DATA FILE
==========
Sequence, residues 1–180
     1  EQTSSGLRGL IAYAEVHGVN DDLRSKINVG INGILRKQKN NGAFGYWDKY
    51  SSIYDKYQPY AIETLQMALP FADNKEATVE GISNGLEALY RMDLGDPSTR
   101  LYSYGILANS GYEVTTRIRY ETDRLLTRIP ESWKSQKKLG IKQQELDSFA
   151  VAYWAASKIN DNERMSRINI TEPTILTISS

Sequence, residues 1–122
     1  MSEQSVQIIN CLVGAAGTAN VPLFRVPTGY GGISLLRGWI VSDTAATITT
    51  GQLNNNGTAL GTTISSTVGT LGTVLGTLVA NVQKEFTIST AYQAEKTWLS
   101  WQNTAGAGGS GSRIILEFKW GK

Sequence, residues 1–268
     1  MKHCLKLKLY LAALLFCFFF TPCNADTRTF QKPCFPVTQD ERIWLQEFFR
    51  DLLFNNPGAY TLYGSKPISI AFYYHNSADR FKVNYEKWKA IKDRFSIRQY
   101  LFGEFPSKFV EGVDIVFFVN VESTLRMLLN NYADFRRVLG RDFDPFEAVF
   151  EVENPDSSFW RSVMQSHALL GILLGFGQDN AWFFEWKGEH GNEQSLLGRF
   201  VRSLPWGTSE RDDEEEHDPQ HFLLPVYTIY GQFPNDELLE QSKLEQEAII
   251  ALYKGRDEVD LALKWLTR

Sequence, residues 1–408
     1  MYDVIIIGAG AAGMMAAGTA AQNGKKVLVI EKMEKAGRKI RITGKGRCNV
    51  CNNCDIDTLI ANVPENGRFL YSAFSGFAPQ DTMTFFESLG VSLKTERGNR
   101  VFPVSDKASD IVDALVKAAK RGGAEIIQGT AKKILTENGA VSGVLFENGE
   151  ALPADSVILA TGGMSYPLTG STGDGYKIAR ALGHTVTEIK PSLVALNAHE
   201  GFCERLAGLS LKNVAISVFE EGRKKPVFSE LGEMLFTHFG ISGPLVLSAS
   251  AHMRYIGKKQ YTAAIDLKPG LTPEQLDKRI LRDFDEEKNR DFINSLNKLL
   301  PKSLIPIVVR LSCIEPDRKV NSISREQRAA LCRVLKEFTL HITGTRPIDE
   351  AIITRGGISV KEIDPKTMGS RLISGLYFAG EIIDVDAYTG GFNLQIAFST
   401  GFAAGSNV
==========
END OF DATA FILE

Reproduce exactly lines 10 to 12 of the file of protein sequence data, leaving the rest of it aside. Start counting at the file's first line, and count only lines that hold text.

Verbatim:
Sequence, residues 1–268
     1  MKHCLKLKLY LAALLFCFFF TPCNADTRTF QKPCFPVTQD ERIWLQEFFR
    51  DLLFNNPGAY TLYGSKPISI AFYYHNSADR FKVNYEKWKA IKDRFSIRQY